A Swallow Press Book
By John Dewey
A classic in social and political philosophy. In his characteristic and provocative dialectic style, John Dewey clarifies the meaning and implications of such concepts as “the public,” “the state,” “government,” and “political democracy”; distinguishes his a posteriori reasoning from a priori reasoning which, he argues, permeates less meaningful discussions of basic concepts; and repeatedly demonstrates the interrelationships between fact and theory. As in his other writings, Dewey exhibits his strong faith in the potential of human intelligence to solve the public’s problems.
John Dewey (1859–1952) was one of the United States’ most influential political philosophers, defenders of democracy, and social and educational reformers. His many works encompass psychology, educational theory, and philosophy. More info →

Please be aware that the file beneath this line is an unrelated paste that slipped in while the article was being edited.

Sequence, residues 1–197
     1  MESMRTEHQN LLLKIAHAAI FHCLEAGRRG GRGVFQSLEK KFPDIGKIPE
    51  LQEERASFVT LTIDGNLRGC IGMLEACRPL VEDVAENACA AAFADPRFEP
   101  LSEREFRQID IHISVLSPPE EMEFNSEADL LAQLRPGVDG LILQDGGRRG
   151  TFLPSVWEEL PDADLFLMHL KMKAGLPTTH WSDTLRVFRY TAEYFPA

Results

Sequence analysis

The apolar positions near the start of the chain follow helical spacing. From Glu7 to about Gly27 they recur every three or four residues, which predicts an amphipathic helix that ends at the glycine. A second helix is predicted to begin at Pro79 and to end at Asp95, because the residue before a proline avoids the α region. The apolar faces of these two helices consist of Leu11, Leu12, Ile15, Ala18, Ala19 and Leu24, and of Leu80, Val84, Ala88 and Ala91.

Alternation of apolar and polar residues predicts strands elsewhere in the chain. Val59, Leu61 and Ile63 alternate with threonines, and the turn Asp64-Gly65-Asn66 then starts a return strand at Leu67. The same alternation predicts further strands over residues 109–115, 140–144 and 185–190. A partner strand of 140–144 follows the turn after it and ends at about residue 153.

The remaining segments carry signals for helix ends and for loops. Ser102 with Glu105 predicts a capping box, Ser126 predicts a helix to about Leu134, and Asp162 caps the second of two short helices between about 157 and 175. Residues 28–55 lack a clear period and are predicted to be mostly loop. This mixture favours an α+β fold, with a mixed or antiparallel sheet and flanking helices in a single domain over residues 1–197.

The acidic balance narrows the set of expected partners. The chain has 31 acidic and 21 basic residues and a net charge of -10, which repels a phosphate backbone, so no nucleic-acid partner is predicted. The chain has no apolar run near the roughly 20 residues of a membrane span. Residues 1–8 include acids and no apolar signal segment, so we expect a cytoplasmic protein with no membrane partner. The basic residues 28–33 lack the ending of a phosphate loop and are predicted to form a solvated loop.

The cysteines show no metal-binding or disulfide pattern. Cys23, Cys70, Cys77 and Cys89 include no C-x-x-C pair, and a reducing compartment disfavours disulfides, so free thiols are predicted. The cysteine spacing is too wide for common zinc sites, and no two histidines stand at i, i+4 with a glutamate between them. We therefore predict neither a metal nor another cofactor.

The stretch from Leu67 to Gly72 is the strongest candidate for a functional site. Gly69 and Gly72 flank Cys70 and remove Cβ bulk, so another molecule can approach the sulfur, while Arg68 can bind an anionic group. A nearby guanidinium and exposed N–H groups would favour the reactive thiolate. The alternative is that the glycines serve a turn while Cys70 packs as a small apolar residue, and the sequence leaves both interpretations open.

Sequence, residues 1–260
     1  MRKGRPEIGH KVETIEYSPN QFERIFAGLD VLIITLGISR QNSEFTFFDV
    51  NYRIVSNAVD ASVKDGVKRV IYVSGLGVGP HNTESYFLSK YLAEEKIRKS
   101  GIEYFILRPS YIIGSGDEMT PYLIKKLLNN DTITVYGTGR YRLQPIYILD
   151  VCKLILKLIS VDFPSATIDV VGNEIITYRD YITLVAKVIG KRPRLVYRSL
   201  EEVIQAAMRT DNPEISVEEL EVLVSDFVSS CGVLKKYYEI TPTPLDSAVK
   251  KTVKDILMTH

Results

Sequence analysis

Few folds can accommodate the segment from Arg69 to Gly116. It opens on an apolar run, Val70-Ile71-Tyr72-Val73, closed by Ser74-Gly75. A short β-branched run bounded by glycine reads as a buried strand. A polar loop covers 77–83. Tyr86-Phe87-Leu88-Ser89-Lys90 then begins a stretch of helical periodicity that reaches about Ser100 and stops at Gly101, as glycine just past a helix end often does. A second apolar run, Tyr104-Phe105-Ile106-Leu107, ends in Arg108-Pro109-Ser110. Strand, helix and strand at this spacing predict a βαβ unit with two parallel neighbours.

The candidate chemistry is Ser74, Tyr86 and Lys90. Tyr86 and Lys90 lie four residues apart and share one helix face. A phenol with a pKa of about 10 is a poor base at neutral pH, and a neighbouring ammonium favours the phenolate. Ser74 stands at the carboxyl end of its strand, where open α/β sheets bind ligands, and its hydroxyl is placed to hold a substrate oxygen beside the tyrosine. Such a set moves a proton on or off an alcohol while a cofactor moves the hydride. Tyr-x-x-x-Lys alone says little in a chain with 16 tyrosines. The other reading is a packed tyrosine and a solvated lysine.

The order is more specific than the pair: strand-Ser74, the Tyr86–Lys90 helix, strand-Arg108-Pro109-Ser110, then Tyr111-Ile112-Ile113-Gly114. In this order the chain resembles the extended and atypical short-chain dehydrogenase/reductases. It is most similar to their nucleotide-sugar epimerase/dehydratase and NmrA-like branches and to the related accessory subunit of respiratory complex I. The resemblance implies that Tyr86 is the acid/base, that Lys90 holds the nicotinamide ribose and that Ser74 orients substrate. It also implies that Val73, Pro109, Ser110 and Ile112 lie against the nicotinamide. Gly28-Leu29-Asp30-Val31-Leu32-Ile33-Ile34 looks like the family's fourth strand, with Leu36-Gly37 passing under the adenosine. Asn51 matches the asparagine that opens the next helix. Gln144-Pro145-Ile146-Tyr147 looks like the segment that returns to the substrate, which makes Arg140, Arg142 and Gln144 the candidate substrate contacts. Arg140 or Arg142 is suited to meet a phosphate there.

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With renewed interest in pragmatism and its implications for democracy in an age of mass communication, bureaucracy, and ever-increasing social complexities, Dewey’s The Public and Its Problems, first published in 1927, remains vital to any discussion of today’s political issues.
Notes of Debates in the Federal Convention of 1787
By James Madison
· Introduction by Adrienne Koch
James Madison’s record of the Constitutional Convention traces day by day the debates held from May to September, 1787, and presents the only complete picture we have of the strategy, interests, and ideas of the founding fathers at the Convention itself.